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Subject: Serigraph on metal foil

Serigraph on metal foil

From: Aimee H. Leonhard <leonharda>
Date: Thursday, January 14, 1999
I have a puzzling problem with a 1964 serigraph by Lowell Nesbitt.
It is printed directly on a large sheet (approximately 24"x18") of
gold tone foil (foil on mylar?) that is still attached to its
original backing. The backing is paper that is coated to allow the
foil to be easily removed, while the reverse of the foil is coated
with a pressure sensitive adhesive so that it can be applied to
another support. The artist printed directly onto the foil and never
removed it from its original, and probably, temporary backing.

The problem is that an air bubble has formed, running vertically
through the center of the work. I think it is possible that the air
bubble formed because of the shrinkage of the backing combined with
a degradation of the adhesive or the coating on the support but I am
not sure. Has anyone dealt with anything like this or know anyone
who has? I would be grateful for any help or suggestions.

Note: this work has not been exhibited for over a decade, when it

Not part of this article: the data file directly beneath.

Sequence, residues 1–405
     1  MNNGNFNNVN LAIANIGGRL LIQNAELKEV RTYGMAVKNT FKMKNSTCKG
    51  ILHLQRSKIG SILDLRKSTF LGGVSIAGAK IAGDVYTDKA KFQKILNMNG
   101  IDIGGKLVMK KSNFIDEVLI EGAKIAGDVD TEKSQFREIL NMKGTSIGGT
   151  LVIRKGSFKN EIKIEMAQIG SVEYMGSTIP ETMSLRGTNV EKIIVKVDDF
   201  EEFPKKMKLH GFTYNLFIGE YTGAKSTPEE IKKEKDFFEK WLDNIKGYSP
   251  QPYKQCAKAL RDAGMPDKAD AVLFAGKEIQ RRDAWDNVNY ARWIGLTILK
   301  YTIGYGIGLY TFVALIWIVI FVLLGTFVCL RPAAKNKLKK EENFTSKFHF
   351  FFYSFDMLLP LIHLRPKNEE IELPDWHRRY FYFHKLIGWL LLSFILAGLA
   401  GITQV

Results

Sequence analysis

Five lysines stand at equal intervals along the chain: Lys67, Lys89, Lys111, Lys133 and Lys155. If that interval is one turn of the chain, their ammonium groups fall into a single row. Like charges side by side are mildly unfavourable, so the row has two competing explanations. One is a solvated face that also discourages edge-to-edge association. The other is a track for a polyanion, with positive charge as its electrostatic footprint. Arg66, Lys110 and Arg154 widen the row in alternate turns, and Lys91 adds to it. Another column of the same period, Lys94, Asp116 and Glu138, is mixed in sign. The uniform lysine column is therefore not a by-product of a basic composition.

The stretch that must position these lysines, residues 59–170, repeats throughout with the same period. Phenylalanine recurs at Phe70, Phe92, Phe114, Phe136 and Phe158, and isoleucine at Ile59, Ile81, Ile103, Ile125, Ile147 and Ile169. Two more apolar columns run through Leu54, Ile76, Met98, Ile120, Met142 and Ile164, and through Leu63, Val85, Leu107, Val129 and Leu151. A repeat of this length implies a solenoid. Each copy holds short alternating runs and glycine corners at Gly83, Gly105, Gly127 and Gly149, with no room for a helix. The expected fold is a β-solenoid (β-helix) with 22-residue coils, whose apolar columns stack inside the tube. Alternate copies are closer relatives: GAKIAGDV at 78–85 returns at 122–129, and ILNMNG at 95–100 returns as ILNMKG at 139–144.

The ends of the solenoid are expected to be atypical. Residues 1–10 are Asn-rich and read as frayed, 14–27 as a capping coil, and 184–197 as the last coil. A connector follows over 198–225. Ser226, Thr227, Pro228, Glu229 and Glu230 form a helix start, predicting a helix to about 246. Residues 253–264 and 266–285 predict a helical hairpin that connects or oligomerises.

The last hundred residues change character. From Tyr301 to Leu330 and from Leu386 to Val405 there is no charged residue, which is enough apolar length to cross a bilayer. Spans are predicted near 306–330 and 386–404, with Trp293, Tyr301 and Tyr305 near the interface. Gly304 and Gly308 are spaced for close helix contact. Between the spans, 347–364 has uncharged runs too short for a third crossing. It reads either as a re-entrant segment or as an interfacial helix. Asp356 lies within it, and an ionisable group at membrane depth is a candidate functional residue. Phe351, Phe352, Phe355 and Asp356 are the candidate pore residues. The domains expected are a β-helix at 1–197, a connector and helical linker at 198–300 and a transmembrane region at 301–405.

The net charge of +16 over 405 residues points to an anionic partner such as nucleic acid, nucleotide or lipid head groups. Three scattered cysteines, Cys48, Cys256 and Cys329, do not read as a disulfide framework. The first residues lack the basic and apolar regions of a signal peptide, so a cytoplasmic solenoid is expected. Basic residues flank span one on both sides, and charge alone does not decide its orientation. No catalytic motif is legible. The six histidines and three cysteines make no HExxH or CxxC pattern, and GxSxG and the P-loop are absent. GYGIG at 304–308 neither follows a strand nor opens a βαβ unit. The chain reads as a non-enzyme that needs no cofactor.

was removed from storage (it was stored flat in a solander box) a
small air bubble was observed in the center of the work. I removed
the window mat last Wednesday (6 Jan 1999) as it was considered
unsightly by the curator and moved the work to the conservation lab
for rehinging. When the chief preparator and I looked at the work
Tuesday (12 Jan 1999) morning (before rehinging) we discovered the
air bubble.) Again any ideas are welcome.

Aimee Leonhard
Assistant Conservator
Museum of Art and Archaeology
Pickard Hall
Columbia, Missouri 65211

                  Conservation DistList Instance 12:58
                 Distributed: Friday, January 15, 1999
                       Message Id: cdl-12-58-012
Received on Thursday, 14 January, 1999

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